I have several DNN modules that I wish to update silently, using the portal's built-in module upgrade facilities called from a separate application, in this case a Windows service. I was able to make it all work with version 4.3 of the portal by modifying the DNN source in key areas to allow DotNetNuke.dll to function outside of a web application. I'm now trying to do the same thing with the 4.9.0 source code and I'm having problems.

Everything works fine until DNN tries to read from the database. I have my Windows service project, the DNN library project, and several other related projects loaded in one VS solution (the additional projects are the same ones that are in the main solution file provided with the DNN source). I call PaInstaller.Install in my service to update each module. Execution gets to reflection.vb and then it tries to create a DotNetNuke.Data.SqlDataProvider object based on the type name. It raises an exception when calling System.Web.Compilation.BuildManager.GetType. The exception says:

Could not load type 'DotNetNuke.Data.SqlDataProvider' from assembly 'System.Web, Version=2.0.0.0, Culture=neutral, PublicKeyToken=b03f5f7f11d50a3a'

I read this to mean it simply couldn't locate the DotNetNuke.SqlDataProvider.dll assembly. What's strange is that assembly is in the Bin folder for the DNN library project, and I also have it in the folder where my Windows service is running. The actual SqlDataProvider project is also loaded in the solution. I can't for the life of me understand why the runtime environment can't locate the assembly.

Has anyone tried something like this before, or know what could cause an assembly not to be found while stepping through the DNN source? Am I better off using something other than BuildManager.GetType to get an instance of the SQL provider type?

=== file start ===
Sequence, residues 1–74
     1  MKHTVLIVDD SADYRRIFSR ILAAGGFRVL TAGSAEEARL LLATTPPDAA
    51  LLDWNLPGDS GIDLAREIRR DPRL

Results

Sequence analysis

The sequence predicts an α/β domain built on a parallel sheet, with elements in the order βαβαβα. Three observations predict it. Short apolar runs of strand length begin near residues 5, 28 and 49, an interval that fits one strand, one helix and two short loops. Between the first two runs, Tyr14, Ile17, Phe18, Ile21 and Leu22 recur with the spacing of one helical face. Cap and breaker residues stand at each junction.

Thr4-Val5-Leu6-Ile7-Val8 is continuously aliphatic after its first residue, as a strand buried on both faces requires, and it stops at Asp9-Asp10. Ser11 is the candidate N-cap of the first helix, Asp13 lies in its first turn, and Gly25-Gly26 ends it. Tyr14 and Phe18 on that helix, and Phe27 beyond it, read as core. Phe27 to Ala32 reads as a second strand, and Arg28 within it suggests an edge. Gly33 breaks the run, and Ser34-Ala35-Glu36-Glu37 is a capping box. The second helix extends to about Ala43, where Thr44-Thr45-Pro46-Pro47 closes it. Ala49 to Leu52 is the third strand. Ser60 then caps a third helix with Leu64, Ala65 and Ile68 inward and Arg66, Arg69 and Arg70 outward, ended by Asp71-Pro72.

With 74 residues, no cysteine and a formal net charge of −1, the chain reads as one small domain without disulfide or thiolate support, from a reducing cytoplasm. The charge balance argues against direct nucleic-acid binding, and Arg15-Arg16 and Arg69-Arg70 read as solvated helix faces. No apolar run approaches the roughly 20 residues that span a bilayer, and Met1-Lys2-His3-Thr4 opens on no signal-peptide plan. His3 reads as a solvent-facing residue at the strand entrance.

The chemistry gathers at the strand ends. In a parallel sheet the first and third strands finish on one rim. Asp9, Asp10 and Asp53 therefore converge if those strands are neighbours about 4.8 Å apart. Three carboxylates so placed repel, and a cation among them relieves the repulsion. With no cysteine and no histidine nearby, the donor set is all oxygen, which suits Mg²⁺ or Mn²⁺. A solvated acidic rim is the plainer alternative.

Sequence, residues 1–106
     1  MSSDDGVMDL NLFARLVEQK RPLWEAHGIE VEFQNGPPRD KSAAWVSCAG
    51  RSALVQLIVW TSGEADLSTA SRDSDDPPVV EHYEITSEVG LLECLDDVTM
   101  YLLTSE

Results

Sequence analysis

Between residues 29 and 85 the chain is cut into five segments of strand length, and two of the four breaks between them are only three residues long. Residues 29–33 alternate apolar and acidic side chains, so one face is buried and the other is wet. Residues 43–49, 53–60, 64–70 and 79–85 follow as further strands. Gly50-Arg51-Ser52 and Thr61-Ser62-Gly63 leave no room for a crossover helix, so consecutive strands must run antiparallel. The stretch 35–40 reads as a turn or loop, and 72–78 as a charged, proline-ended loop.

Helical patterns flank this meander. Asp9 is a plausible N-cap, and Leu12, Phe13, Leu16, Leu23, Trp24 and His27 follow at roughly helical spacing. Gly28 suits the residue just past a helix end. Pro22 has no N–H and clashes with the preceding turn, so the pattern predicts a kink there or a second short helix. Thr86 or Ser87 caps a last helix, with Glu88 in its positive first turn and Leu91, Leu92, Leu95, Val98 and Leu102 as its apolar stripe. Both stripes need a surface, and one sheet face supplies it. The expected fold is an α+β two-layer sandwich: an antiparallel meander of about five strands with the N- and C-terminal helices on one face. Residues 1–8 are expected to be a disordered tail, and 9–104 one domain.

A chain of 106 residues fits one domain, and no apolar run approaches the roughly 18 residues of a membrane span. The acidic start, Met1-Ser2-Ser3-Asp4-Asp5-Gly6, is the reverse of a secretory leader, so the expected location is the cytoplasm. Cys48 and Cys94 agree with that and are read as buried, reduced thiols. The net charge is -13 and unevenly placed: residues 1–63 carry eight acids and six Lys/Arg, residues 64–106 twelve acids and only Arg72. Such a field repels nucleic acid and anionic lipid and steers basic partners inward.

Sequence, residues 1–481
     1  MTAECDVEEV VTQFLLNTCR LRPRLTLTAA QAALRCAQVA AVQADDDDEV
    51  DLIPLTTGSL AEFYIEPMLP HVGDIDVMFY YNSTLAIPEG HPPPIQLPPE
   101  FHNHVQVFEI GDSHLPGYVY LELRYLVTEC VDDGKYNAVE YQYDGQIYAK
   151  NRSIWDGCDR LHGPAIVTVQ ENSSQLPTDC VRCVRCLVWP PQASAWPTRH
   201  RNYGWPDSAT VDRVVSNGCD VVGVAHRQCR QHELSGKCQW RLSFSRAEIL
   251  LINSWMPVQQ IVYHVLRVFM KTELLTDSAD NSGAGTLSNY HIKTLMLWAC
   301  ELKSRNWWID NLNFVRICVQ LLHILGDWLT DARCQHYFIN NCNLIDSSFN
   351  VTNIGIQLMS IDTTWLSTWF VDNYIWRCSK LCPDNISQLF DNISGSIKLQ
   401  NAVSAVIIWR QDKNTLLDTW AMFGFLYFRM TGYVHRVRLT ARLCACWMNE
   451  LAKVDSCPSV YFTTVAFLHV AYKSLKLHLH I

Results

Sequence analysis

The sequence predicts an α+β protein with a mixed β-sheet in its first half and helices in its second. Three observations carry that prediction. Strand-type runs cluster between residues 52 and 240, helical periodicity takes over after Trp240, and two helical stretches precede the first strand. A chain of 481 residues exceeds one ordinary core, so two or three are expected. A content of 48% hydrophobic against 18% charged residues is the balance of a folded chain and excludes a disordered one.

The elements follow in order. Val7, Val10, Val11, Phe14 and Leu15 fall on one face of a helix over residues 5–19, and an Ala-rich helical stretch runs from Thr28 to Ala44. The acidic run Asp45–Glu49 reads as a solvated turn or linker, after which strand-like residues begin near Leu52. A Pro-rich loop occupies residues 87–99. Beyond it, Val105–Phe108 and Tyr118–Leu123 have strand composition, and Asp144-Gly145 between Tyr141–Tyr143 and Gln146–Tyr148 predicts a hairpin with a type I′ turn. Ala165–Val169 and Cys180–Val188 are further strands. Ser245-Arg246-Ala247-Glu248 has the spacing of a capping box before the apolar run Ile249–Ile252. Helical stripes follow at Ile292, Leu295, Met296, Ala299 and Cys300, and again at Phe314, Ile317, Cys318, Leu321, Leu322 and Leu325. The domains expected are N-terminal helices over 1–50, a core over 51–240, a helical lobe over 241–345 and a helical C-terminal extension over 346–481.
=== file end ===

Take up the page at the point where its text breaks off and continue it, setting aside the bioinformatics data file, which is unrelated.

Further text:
up vote 6 down vote accepted

Chris,

Honestly depending on your needs, I would look at doing this a different way, as this is going to be very fragile with each DNN upgrade that happens in the future.

I'd look more towards using the "bulk install" option that DNN already has. Have your service upload the module zips to the /install/modules folder, then from there, call /install/install.aspx?mode=installresources and you are done!

If you need a third party solution to parse the results, have your windows service go through and pull the HTML response and parse it to validate success.

  • I didn't know there was a bulk install option. That sounds like it would work for me. Is there any documentation for it anywhere? What exactly does the HTML response look like, and how would I know the bulk install succeeded? – Chris Tybur Aug 27 '09 at 0:23
  • Chris - AFAIK there isn't much "documentation" to it, I can try to whip up a blog post about it sometime soon. The HTML response is very structured, and should be easy to parse to validate success/failure. But it has been a little while since I looked at it. – Mitchel Sellers Aug 27 '09 at 14:02
  • Anything you can post would be helpful. I'll experiment with it and see how far I get. – Chris Tybur Aug 27 '09 at 16:47
  • Initiating a bulk install from a Windows service worked beautifully. Definitely easier than my original approach. – Chris Tybur Sep 2 '09 at 22:55
  • Chris, I'm glad that it worked out for you! (If you are a blogger, a blog post about it would be awesome. If you do let me know and I'll get you some exposure for the article) – Mitchel Sellers Sep 3 '09 at 14:07

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